devices may remain vulnerable for relatively long period.  In
   addition, predictable SPI enable an attacker to forge packets with a
   valid SPI.  Such packet will not be rejected due to an SPI mismatch,
   but instead after the signature check which requires more resource
   and thus make DoS more efficient, especially for devices powered by

   Values 0-255 SHOULD NOT be used.  Values 1-255 are reserved and 0 is
   only allowed to be used internal and it MUST NOT be send on the wire.

   [RFC4303] mentions :

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    -   "The SPI is an arbitrary 32-bit value that is used by a receiver
      to identify the SA to which an incoming packet is bound.  The SPI
      field is mandatory. [...]"

    -   "For a unicast SA, the SPI can be used by itself to specify an
      SA, or it may be used in conjunction with the IPsec protocol type
      (in this case ESP).  Because the SPI value is generated by the
      receiver for a unicast SA, whether the value is sufficient to
      identify an SA by itself or whether it must be used in conjunction
      with the IPsec protocol value is a local matter.  This mechanism
      for mapping inbound traffic to unicast SAs MUST be supported by
      all ESP implementations."

4.  Sequence Number(SN) (32 bit)

   According to [RFC4303], the sequence number is a mandatory 32 bits
   field in the packet.

   The SN is set by the sender so the receiver can implement anti-replay
   protection.  The SN is derived from any strictly increasing function
   that guarantees: if packet B is sent after packet A, then SN of
   packet B is strictly greater then the SN of packet A.

   In IoT, constraint devices are expected to establish communication
   with specific devices, like a specific gateway, or nodes similar to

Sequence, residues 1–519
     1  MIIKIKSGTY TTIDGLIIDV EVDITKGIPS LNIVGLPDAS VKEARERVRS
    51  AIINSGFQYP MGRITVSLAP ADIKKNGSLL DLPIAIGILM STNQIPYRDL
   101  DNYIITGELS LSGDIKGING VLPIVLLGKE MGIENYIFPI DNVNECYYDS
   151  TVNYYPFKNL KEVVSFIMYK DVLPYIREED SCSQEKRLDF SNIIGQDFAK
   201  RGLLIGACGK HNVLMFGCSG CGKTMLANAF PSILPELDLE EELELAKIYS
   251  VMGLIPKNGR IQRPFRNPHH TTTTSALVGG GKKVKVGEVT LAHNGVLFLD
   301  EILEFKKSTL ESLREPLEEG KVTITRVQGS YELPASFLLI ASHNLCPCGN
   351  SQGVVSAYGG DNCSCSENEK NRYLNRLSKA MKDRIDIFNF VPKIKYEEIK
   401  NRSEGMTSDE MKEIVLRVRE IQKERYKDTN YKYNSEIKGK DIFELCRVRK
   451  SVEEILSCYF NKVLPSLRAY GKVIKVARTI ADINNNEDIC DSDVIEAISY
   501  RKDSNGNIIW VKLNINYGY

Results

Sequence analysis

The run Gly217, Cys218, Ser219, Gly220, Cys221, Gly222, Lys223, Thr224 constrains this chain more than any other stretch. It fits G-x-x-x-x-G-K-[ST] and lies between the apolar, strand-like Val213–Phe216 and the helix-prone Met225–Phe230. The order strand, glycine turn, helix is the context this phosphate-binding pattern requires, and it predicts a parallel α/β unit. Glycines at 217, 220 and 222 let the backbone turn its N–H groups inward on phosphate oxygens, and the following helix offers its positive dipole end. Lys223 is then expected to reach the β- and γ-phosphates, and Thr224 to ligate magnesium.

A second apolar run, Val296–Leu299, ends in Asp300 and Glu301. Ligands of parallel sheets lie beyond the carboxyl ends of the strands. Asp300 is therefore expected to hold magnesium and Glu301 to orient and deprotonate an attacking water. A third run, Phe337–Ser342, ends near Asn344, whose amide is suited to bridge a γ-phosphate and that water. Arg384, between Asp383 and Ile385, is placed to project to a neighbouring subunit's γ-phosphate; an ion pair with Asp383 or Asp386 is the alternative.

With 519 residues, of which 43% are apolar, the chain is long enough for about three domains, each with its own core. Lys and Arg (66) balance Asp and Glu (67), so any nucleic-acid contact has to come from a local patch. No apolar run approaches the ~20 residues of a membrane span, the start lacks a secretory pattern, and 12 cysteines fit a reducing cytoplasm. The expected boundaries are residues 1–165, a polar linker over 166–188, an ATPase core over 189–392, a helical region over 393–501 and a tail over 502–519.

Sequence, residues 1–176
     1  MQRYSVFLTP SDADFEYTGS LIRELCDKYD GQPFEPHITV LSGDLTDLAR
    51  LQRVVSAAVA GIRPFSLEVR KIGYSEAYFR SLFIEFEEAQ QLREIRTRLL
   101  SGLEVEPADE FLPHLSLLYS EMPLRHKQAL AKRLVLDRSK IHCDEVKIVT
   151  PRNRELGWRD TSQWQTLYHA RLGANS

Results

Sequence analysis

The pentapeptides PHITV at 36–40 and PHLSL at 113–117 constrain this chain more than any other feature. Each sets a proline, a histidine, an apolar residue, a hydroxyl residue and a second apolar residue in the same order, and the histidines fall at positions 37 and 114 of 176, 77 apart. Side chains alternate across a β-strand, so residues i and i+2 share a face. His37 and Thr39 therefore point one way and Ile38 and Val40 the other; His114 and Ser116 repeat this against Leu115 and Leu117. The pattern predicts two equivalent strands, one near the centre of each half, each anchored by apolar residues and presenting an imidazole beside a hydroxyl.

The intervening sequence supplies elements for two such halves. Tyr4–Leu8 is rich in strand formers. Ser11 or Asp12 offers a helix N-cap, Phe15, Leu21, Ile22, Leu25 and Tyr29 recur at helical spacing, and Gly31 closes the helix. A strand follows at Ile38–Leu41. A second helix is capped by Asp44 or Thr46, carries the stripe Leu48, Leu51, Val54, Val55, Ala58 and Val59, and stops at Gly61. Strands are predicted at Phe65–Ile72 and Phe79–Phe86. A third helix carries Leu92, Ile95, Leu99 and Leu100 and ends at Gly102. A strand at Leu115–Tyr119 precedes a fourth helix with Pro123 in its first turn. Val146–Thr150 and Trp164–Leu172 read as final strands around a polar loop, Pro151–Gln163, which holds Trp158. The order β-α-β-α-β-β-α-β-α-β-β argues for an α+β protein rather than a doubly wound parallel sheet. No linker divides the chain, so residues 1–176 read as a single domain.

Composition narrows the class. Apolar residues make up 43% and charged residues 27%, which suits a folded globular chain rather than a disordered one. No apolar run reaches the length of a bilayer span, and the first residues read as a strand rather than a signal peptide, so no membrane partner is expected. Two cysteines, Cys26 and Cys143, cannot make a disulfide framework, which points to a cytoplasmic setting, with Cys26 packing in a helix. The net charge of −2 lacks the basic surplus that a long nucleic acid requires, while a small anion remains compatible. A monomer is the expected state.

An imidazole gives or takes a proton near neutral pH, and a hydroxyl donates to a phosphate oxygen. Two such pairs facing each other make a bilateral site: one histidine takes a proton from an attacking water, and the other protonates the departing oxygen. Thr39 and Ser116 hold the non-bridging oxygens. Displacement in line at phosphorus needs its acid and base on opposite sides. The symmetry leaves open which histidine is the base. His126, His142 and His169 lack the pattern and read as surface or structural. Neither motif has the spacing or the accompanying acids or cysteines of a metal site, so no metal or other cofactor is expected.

them.  As a result, the sender may know whereas the receiver
   implements anti-replay protection or not.  Even though the sender may
   know the receiver does not implement anti replay protection, the
   sender MUST implement a always increasing function to generate the

   Usually, SN is generated by incrementing a counter for each packet
   sent.  A constraint device may avoid maintaining this context.  If
   the device has a clock, it may use the time indicated by the clock
   has a SN.  This guarantees a strictly increasing function, and avoid
   storing any additional values or context related to the SN.  When the
   use of a clock is considered, one should take care that packets
   associated to a given SA are not sent with the same time value.

   [RFC4303] mentions :

    -   "This unsigned 32-bit field contains a counter value that
      increases by one for each packet sent, i.e., a per-SA packet
      sequence number.  For a unicast SA or a single-sender multicast
      SA, the sender MUST increment this field for every transmitted
      packet.  Sharing an SA among multiple senders is permitted, though
      generally not recommended. [...] The field is mandatory and MUST

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      always be present even if the receiver does not elect to enable
      the anti-replay service for a specific SA."

5.  Padding

   The purpose of padding is to respect the 32 byte alignment of ESP.
   Padding is not mandatory in ESP and may be performed by the
   encryption algorithm.  As a result, when ESP is designed with
   encryption algorithms that considers the padding, padding does not
   need to implement padding.  AES in CBC mode [RFC3602] is one of these
   algorithms.  Note that [RFC3602] does not specify how the padding
   bytes should be generated.

   On the other hand, encryption algorithms like AES in CTR [RFC3686] or
   GCM[RFC4106] or CCM [RFC4309] mode do not consider Padding.  As a
   result, when such algorithms are used, Padding must be done by ESP.
   ESP defines that padding bytes MUST be generated by a succession of
   unsigned bytes starting with 1, 2, 3 with the last byte set to Pad
   Length, where Pad Length designates the length of the padding bytes.
   Checking the padding structure is not mandatory, so the constraint
   device may not proceed to such checks, however, in order ton
   interoperate with existing ESP implementations, it MUST build the
   padding bytes as recommended by ESP.

   [RFC4303] mentions :

    -   "If Padding bytes are needed but the encryption algorithm does
      not specify the padding contents, then the following default
      processing MUST be used.  The Padding bytes are initialized with a
      series of (unsigned, 1-byte) integer values.  The first padding
      byte appended to the plaintext is numbered 1, with subsequent
      padding bytes making up a monotonically increasing sequence: 1, 2,